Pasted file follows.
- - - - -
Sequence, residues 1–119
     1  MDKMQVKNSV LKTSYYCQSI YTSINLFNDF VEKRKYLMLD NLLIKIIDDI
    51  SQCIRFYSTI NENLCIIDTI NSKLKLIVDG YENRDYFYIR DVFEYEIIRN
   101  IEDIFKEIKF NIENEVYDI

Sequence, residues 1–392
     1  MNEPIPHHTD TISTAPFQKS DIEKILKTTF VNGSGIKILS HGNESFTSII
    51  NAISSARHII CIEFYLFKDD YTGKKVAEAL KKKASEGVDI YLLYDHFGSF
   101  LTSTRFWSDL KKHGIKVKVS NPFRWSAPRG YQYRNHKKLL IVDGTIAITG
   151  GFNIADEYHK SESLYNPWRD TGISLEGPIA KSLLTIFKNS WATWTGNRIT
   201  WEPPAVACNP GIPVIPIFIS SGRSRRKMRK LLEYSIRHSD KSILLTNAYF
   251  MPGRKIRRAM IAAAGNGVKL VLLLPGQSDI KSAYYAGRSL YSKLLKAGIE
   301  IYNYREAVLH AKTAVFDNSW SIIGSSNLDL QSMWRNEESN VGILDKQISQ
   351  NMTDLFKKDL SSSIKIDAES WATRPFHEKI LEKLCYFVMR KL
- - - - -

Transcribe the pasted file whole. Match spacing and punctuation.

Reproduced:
Sequence, residues 1–119
     1  MDKMQVKNSV LKTSYYCQSI YTSINLFNDF VEKRKYLMLD NLLIKIIDDI
    51  SQCIRFYSTI NENLCIIDTI NSKLKLIVDG YENRDYFYIR DVFEYEIIRN
   101  IEDIFKEIKF NIENEVYDI

Sequence, residues 1–392
     1  MNEPIPHHTD TISTAPFQKS DIEKILKTTF VNGSGIKILS HGNESFTSII
    51  NAISSARHII CIEFYLFKDD YTGKKVAEAL KKKASEGVDI YLLYDHFGSF
   101  LTSTRFWSDL KKHGIKVKVS NPFRWSAPRG YQYRNHKKLL IVDGTIAITG
   151  GFNIADEYHK SESLYNPWRD TGISLEGPIA KSLLTIFKNS WATWTGNRIT
   201  WEPPAVACNP GIPVIPIFIS SGRSRRKMRK LLEYSIRHSD KSILLTNAYF
   251  MPGRKIRRAM IAAAGNGVKL VLLLPGQSDI KSAYYAGRSL YSKLLKAGIE
   301  IYNYREAVLH AKTAVFDNSW SIIGSSNLDL QSMWRNEESN VGILDKQISQ
   351  NMTDLFKKDL SSSIKIDAES WATRPFHEKI LEKLCYFVMR KL